The former Lib Dem leader Charles Kennedy has been found dead at his home at the age of 55.
The former Lib Dem leader, who lost his seat in the general election, was described as a "fine man and loving father" by his family.
No cause of death have been given, but police have said the circumstances around his death are not suspicious.
Mr Kennedy was leader of the Lib Dems from 1999 to 2006, during which time he led the party's opposition to the Iraq War. He resigned after revealing that he had been receiving treatment for an alcohol problem.
His death has been met with tributes from across the political spectrum.
In a highly personal blog post, the former Labour spin doctor Alastair Campbell said he had been unable to sleep after hearing the news yesterday.
Mr Campbell recounted the mutual aid the pair had given each other during their respective struggles with alcohol.
“’Health remains fine’ – this was a little private code we had, which meant we were not drinking,” he explained. He further described the "demon drink" and their "shared enemy".
David Cameron described the former MP of the Ross, Skye and Lochaber constituency of having "brains, talent, wit and bags of humanity".
The Prime Minister described the former Liberal Democrat leader as a politician of "immense ability" and said his death was a "tragic loss".
The former Lib Dem peer Lord Oakeshott described his former leader's battle with alcohol as a "terrible disease" that had cut short his career.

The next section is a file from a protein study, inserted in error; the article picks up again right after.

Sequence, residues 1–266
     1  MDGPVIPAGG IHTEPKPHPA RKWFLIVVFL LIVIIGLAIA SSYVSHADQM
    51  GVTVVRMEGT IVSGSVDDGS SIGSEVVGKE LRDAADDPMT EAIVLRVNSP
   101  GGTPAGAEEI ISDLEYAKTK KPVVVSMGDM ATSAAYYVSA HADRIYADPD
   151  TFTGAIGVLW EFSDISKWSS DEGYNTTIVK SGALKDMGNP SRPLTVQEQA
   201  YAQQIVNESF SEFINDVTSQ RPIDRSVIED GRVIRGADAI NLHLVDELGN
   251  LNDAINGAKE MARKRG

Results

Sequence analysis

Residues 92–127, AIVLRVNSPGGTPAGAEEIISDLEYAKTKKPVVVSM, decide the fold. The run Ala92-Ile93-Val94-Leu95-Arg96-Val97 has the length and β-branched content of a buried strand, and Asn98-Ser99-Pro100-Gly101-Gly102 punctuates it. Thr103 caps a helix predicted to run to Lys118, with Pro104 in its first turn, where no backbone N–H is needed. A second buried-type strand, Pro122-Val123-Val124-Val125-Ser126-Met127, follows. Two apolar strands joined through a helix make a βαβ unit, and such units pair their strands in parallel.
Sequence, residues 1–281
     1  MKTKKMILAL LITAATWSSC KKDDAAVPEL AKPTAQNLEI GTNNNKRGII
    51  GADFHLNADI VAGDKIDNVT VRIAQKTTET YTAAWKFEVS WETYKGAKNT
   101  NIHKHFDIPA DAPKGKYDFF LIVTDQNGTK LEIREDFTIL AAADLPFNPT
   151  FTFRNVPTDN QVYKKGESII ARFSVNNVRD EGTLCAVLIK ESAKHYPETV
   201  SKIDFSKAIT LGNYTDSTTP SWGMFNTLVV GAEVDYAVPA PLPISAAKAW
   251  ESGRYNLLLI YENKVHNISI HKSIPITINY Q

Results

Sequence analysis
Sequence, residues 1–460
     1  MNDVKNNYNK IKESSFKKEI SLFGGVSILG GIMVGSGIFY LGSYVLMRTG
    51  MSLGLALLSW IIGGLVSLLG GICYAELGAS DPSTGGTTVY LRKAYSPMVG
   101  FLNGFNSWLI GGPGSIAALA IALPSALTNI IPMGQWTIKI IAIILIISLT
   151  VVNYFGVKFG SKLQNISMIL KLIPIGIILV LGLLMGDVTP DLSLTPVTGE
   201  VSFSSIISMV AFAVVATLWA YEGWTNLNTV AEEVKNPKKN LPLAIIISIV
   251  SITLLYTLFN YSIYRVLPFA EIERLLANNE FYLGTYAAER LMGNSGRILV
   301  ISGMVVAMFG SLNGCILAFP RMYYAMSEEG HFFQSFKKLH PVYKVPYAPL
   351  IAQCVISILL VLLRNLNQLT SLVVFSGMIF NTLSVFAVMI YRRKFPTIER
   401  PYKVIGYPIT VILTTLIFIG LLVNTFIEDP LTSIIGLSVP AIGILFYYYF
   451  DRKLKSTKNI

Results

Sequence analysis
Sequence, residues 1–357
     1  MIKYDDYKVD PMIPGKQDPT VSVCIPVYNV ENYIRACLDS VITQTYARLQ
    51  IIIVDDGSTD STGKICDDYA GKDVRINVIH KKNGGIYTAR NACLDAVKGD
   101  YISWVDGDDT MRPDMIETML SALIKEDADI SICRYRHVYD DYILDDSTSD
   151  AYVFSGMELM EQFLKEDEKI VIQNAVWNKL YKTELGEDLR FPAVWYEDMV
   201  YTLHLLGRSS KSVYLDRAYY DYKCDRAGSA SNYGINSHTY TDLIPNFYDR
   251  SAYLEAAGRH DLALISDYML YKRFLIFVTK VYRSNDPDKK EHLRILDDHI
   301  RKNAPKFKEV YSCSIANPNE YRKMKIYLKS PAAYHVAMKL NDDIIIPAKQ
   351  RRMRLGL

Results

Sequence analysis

“Let’s be frank. If he had had not had a drink problem, he would be the leader of the Liberal Democrats today, and the Liberal Democrats would be in a far, far stronger position,” he told the Sky News channel.
“It was drink that got him. I last saw him on a bus a few weeks before the election coming in. And we had a very good chat. But he clearly wasn’t at all well.”
Mr Campbell had first met Mr Kennedy while working as a journalist at the Daily Mirror newspaper.
He revealed that he had discussed with the Liberal Democrat MP whether he should accept an offer to work for Tony Blair.
The pair’s families had spent “either Easter, or Christmas and New Year, sometimes both, in Charles’ former constituency” together, he said.
Mr Campbell also revealed that he had tried to recruit Mr Kennedy to the Labour party on an “annual” basis – an offer which was never taken up.
Mr Kennedy died suddenly at home in Fort William aged 55, according to a statement by this family.
A post-mortem is set to be carried out.
“Charles was a fine man, a talented politician, and a loving father to his young son. We ask therefore that the privacy of his family is respected in the coming days,” his family’s statement said.
Mr Kennedy led the Liberal Democrats to their best ever general election result in 2005 when they gained 62 seats.
He led the party between 1999 and 2006 and was an MP in the Highlands of Scotland between 1983 and 2015, having lost his seat to the SNP at the last election.
Mr Campbell's full blog post can be read HERE.
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